PHH Inc. reported a net loss of $148 million in the third quarter, much worse than last year's loss of $8 million. A chunk of the losses are due to a negative fair value adjustment of PHH's mortgage servicing rights. The mortgage-production segment of PHH, however, had third-quarter income of $95 million, while the servicing segment lost $368 million for a combined loss in the mortgage-services unit of $273 million. Total mortgage closing volume was $12.7 billion of which 67% was retail and 33% was wholesale/correspondent. This volume represents a 1% increase over the third quarter of 2010. Annaly Capital Management, the nation's largest mortgage investing REIT, posted a $922 million net loss in the third quarter, citing a flattening yield curve and faster prepayment speeds. But Radian Group (#3 in MI) posted strong third quarter earnings of $183.6 million, but attributed those gains to changes in the "fair value" of "derivatives and other financial instruments." And lastly, for corporate news, BB&T will acquire BankAtlantic for approximately a $301 million premium, or 2x book. (Some banks are indeed expanding, although the seven largest banks based on asset size during the 2nd quarter (BofA, Chase, Citi, Wells, Goldman, Morgan Stanely, and MetLife) accounted for well over 50% of total bank assets: $10.3 trillion.)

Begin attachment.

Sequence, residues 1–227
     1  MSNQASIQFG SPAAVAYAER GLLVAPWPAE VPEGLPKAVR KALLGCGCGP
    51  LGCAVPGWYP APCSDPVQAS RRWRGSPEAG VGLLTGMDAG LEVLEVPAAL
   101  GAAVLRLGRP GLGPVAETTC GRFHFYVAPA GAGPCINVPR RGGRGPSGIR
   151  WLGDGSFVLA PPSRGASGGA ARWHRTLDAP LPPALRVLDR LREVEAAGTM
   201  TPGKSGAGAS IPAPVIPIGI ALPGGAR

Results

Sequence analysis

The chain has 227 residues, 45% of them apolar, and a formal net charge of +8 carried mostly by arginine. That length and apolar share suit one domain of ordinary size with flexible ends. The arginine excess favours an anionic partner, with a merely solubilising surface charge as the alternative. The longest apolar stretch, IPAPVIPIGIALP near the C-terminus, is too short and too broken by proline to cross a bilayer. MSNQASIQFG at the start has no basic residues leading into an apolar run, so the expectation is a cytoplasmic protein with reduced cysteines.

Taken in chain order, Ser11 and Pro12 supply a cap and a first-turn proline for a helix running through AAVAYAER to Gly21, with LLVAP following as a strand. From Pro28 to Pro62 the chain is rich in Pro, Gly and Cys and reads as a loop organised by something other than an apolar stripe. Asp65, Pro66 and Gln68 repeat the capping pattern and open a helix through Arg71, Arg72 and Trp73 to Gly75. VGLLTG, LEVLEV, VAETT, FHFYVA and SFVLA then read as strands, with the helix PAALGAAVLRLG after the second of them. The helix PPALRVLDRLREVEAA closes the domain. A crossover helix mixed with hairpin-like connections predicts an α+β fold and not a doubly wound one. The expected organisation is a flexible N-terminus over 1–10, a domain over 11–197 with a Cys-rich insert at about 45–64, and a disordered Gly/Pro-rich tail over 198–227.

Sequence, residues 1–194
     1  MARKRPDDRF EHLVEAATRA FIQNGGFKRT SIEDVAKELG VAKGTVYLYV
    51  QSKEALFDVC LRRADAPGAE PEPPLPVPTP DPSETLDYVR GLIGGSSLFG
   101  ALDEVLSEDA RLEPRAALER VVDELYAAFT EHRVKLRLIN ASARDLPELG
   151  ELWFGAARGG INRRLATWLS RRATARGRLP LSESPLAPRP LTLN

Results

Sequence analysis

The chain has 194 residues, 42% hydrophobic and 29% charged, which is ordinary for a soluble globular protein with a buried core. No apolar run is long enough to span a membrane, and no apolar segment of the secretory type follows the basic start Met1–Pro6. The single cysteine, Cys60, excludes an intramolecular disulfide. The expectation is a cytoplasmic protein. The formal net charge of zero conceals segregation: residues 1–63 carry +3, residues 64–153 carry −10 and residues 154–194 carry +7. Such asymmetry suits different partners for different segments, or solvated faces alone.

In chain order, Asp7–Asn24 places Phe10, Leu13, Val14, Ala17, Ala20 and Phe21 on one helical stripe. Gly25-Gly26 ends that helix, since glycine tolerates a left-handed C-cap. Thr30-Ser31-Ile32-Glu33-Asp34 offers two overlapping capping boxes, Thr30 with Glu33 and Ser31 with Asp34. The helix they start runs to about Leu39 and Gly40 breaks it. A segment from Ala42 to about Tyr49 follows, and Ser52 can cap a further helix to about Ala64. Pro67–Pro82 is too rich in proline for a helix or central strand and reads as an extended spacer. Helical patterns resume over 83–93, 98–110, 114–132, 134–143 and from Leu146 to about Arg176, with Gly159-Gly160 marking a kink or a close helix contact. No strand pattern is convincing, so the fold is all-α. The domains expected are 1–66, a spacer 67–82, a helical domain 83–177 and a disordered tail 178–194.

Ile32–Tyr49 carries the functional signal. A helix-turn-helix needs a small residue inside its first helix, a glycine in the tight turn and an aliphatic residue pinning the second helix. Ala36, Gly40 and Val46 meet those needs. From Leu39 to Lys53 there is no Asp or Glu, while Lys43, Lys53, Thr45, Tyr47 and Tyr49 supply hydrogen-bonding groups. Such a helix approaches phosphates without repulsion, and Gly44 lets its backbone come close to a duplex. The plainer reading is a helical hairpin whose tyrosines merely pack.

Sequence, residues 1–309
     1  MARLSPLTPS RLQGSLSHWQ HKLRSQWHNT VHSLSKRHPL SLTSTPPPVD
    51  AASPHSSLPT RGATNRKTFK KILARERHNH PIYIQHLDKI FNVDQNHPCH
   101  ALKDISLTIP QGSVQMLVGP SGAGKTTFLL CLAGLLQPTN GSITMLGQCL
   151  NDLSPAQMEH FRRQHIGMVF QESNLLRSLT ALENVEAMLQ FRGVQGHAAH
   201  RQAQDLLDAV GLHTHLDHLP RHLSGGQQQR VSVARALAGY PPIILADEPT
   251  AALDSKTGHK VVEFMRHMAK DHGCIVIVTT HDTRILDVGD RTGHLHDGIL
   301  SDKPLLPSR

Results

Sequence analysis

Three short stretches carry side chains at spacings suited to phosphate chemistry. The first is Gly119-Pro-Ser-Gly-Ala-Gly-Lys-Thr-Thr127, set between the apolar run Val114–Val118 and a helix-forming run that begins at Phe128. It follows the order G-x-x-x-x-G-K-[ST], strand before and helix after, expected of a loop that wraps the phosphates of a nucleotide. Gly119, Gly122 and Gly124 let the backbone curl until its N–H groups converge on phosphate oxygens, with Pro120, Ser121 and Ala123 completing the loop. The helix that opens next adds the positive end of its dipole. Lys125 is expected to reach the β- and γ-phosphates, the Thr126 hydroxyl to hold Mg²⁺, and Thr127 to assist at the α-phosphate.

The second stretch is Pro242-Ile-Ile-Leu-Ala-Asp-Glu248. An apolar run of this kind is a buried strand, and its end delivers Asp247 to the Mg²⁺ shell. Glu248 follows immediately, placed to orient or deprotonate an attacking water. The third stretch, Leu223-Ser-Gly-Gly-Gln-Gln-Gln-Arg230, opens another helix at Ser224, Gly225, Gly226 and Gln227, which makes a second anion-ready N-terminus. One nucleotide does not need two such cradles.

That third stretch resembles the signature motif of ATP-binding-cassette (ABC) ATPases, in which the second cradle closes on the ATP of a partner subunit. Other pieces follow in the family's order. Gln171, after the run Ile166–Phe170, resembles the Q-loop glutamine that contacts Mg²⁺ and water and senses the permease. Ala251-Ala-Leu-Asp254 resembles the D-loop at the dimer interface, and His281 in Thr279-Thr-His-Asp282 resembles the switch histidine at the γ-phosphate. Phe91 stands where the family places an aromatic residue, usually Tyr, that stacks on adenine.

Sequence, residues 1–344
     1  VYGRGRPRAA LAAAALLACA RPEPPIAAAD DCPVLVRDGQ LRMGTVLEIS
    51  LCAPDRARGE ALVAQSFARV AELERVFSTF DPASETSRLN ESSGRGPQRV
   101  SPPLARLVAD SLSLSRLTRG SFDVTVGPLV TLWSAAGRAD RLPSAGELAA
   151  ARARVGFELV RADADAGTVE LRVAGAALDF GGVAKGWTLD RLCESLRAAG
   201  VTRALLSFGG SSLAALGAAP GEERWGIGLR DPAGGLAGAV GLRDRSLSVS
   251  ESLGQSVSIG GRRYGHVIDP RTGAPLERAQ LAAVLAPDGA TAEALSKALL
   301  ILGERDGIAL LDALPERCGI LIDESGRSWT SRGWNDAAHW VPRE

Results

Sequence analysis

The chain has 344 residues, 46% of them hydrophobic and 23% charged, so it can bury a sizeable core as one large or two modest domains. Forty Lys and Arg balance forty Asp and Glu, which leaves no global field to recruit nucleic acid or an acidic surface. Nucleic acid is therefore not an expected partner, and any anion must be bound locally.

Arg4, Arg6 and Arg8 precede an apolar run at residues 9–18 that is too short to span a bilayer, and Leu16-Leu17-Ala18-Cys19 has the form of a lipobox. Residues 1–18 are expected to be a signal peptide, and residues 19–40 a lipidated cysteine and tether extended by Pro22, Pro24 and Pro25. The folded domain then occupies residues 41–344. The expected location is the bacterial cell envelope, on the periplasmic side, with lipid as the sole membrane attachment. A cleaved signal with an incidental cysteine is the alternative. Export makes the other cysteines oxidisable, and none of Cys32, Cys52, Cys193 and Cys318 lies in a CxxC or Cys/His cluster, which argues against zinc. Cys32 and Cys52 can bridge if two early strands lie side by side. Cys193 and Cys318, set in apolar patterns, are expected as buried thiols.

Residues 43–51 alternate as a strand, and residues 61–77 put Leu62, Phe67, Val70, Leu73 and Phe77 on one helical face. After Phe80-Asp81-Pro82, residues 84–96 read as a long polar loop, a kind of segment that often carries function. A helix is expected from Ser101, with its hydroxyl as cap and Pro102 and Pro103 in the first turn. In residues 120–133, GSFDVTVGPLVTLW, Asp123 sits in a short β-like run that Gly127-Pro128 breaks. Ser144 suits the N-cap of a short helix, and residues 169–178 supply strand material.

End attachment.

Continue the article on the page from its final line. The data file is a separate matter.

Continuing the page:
(PHH, by the way, just released new 10-yr and 20-yr Fannie Mae HARP product terms starting on Friday. The 10 year and 20 year product terms will follow the same product guidelines as DU Refi Plus, with the maximum LTV's based on maturity and whether or not PHH is currently servicing the borrower's loan.)

MetLife is "in play," and PNC seems to be one of the potential purchasers. There are even marketing pieces about it: Many banks and mortgage companies are searching for merger or acquisition candidates. But what is the best branding strategy in a merger? In any merger, there are 5 choices on what to do about the brand: 1) The acquirer maintains its name and disregards the acquiree's name (most common; like Bank of America and Fleet), 2) Both brands are kept separate (2nd most common), 3) Both brands are kept in a fusion that maintains certain elements of both (3rd most common, similar to JP Morgan Chase), 4) Create a new brand from the combined entity (rare, similar to Virginia Financial Group and First National Bank forming "Stellar One), or 5) the acquirer drops its name and takes the name of the acquiree (rare, like when Norwest bought Wells Fargo but kept the Wells name).